The issue of gender gap in test scores has long been part of the education-policy debate, and explanations remain highly contested. While the gaps between men and women in the math and science fields have closed in recent decades, strategies to address the disparities are still evolving and being tested in the classroom.
A 2010 paper in the Journal of Economic Perspectives, “Geographic Variation in the Gender Differences in Test Scores,” looks at how the disparity in test scores might be explained by state or regional differences.
The paper’s key findings include:
- The mean test scores of men and women do not differ very substantially. Compared to female students, male students registered higher mean math and science scores by 0.17 and 0.06 standard deviations respectively. The mean male students’ reading score is 0.38 standard deviation lower.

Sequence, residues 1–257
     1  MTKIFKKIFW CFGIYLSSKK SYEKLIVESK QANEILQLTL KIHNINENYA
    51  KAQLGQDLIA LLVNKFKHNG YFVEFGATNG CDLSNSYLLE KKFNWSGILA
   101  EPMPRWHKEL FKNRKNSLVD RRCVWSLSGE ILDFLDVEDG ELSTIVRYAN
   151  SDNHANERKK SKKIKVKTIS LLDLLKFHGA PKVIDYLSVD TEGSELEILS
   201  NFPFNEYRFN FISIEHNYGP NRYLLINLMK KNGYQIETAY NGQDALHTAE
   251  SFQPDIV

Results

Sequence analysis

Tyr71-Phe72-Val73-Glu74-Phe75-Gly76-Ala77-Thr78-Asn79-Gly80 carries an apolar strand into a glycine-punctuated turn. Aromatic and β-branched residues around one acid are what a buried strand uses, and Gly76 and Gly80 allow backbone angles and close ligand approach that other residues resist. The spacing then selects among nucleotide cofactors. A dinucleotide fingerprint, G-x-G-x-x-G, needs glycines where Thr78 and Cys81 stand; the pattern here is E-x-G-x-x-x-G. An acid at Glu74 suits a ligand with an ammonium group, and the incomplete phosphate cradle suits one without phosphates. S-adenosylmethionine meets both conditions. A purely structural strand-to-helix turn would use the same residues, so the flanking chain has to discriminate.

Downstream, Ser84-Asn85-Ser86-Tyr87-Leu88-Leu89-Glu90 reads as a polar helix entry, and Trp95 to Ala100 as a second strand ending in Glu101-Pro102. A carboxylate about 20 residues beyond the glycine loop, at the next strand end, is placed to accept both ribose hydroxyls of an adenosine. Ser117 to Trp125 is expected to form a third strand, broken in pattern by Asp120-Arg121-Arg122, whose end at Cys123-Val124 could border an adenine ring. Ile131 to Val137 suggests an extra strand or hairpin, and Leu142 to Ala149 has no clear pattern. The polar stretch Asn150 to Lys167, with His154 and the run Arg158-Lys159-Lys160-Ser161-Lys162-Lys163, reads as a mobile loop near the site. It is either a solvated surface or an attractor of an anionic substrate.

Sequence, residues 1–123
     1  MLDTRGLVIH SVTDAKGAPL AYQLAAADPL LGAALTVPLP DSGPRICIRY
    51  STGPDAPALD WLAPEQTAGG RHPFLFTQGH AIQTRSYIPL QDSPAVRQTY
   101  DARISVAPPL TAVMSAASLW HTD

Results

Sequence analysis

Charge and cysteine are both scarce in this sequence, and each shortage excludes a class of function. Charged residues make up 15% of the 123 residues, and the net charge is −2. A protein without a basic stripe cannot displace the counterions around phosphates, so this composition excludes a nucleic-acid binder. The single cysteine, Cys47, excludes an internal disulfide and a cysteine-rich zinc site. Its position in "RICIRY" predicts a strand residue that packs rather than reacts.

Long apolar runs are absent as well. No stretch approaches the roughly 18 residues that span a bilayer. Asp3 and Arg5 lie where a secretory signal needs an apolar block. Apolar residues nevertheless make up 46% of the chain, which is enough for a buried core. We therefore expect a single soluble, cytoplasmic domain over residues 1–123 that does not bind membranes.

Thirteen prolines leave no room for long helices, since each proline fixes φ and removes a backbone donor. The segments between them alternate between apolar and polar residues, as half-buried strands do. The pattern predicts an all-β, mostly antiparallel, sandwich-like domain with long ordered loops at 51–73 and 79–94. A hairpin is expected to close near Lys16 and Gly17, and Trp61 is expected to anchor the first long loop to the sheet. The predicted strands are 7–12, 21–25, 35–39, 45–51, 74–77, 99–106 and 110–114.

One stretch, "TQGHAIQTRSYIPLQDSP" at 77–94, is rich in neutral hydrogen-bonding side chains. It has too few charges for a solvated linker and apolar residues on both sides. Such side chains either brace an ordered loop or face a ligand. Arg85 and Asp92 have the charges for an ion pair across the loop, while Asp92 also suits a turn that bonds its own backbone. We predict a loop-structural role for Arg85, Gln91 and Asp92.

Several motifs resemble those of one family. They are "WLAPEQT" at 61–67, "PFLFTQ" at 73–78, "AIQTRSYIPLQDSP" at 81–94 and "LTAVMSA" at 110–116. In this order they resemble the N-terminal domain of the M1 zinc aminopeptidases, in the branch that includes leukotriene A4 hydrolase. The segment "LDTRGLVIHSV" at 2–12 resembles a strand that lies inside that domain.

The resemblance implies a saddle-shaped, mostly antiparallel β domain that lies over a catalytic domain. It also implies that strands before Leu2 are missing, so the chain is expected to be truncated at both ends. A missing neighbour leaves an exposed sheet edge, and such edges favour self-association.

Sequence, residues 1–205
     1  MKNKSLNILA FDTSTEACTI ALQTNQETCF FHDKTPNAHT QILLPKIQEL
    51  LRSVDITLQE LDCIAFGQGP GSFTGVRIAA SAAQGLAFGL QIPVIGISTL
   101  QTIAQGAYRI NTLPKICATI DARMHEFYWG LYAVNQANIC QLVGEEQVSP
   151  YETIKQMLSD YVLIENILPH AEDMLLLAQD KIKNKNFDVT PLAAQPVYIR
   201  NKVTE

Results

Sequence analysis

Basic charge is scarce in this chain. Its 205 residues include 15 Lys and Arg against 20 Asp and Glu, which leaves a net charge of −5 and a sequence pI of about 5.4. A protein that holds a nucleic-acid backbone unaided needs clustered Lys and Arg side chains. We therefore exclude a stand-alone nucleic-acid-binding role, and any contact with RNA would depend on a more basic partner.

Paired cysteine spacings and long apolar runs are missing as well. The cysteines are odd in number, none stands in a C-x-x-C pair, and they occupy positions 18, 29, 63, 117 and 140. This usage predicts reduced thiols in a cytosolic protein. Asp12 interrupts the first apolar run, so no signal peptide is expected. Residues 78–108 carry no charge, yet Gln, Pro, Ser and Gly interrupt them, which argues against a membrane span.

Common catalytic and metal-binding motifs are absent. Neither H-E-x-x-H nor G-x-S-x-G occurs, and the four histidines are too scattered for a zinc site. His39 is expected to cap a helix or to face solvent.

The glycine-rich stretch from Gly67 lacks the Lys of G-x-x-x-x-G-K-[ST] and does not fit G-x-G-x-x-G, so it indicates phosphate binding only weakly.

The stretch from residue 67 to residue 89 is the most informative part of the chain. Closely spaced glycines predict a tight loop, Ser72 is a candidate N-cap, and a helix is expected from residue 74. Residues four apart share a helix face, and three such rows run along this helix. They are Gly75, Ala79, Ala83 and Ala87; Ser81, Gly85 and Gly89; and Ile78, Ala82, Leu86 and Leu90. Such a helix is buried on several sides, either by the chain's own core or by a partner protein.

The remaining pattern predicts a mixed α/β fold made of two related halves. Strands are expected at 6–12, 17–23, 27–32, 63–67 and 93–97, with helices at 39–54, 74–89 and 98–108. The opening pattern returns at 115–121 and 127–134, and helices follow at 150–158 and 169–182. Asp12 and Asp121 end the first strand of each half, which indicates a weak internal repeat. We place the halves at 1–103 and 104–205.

- The disparities widen at higher percentiles of the tests. At the top 5%, the ratios of male-to-female students’ math and science scores are 1.87 and 1.40 standard deviations respectively. Conversely, the ratio of female-to-male students’ reading score is 2.31.
- Gender stereotypes prevail more strongly in certain states and regions. States with higher male-to-female score ratios in math and science tests are more likely to register higher female-to-male score ratios in reading tests.
The authors conclude that because individuals’ genetic makeup is likely to be consistent across all states, the variation in test scores “suggests environments significantly impact gender disparities.”
Tags: gender, math, science